I’ve never really queried before, but I have such a clear picture of where I want to be in my head that even if I get multiple rejections (I know it’s gonna happen), I’ll still be okay with them. Sure, I may be just a LITTLE devastated… for a LITTLE bit… but after that I’ll get my butt back to writing.

  35. Alexa Loves Books Jul 6 2012 at 11:43 pm #

    Thanks for the the thoughtfully written and very insightful post. I think it’s a great reality check on what the publishing industry can really be like. Despite how discouraging it can often be, I can’t wait to put myself out there and experience it for myself.

  36. alicia marie Jul 7 2012 at 5:32 pm #

    I’m not a writer so I don’t have to deal with the same type of rejection, but I figure most all rejection feels about the same, right? I’m usually angry when I’m first rejected, but then I accept it and it just motivates me to work that much harder to get what I want so that hopefully the next time will be different. Also, having some chocolate or cookies to ease the pain doesn’t hurt : )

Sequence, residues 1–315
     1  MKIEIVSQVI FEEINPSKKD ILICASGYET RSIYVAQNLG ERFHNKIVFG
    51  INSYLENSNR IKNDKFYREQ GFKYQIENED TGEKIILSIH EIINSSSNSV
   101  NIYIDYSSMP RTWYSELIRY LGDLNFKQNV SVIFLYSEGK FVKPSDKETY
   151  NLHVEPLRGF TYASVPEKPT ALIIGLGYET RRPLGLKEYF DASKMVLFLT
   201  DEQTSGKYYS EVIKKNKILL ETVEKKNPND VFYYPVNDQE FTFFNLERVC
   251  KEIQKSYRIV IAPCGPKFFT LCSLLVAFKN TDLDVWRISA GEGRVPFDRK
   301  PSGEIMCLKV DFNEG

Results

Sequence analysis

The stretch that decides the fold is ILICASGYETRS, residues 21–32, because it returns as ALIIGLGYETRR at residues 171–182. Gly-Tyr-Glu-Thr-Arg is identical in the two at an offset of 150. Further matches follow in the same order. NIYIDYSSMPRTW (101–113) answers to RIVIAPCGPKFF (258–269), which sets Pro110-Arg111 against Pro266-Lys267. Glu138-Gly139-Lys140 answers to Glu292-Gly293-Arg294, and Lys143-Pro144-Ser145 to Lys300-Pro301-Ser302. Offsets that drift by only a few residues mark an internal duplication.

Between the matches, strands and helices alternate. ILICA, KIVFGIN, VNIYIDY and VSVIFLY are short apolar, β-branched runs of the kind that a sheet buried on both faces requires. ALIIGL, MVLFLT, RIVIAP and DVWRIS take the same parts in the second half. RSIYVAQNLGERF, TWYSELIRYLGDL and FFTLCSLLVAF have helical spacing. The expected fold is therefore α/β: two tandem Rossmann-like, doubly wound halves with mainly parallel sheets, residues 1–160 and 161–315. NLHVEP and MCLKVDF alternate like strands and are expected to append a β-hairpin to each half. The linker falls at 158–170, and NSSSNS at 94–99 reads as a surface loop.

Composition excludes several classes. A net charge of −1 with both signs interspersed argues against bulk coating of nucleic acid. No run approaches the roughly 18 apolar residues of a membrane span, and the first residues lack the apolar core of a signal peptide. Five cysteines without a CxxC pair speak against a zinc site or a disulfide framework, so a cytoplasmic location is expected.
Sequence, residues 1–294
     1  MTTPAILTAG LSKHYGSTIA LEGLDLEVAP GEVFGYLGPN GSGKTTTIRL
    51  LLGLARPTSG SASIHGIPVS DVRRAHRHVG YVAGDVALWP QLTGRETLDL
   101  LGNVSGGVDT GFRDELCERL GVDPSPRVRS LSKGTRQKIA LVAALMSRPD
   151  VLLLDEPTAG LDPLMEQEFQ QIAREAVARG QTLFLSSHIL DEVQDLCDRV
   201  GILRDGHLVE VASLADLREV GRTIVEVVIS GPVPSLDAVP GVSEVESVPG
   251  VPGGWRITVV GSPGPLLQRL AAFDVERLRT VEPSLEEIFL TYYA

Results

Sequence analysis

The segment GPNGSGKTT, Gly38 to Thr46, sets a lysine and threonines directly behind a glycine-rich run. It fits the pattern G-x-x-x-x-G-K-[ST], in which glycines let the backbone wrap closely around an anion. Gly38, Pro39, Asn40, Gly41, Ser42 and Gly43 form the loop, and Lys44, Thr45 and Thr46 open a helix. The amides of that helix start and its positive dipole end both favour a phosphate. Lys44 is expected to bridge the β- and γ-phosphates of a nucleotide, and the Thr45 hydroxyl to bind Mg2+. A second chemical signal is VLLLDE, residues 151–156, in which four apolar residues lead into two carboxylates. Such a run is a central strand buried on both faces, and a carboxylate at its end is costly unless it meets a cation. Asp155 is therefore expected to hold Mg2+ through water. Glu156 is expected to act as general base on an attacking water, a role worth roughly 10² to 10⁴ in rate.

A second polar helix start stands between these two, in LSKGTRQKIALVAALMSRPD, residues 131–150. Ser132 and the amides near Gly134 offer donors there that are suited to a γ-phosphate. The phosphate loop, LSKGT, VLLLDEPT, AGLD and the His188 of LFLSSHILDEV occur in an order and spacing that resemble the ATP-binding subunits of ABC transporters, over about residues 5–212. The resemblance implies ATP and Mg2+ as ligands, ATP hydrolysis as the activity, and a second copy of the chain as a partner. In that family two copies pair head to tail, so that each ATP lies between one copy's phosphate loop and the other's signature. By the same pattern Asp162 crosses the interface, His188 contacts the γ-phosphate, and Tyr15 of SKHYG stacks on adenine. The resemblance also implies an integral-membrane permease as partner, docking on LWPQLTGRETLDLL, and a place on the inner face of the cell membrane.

37. Shelver506 Jul 8 2012 at 1:37 pm #

    Rejection over important things? I tend to fume a bit, then I go to my room and read a book of Foxtrot or Dilbert comic books. I usually just need time to regain my equilibrium.

  38. Tiffany B. Jul 9 2012 at 7:04 am #

    Well, to be honest, rejection hurts me a lot more than I show. On the outside, I probably look as if I couldn’t care less, but on the inside, my insides are all jumbled up, my head is pounding, and I feel like I just want to curl up into a ball of shame.
    But rejection HAS taught me to correct my mistakes and for some reason, criticism just makes me want to do better. So overall, I guess the long-term effects are better than the short-term, which are just silly anyway.
    Rejection is always inevitable and I guess I’ll have to accept it as a part of life. I can’t do anything about it.
    I CAN however, strive harder and focus on my weaknesses so that I’ll do a whole lot better.

    Thanks for this post! It helped me a lot. 🙂

  39. Hayley G Jul 9 2012 at 11:28 pm #

    I’m terrified of rejection, I avoid it as much as possible haha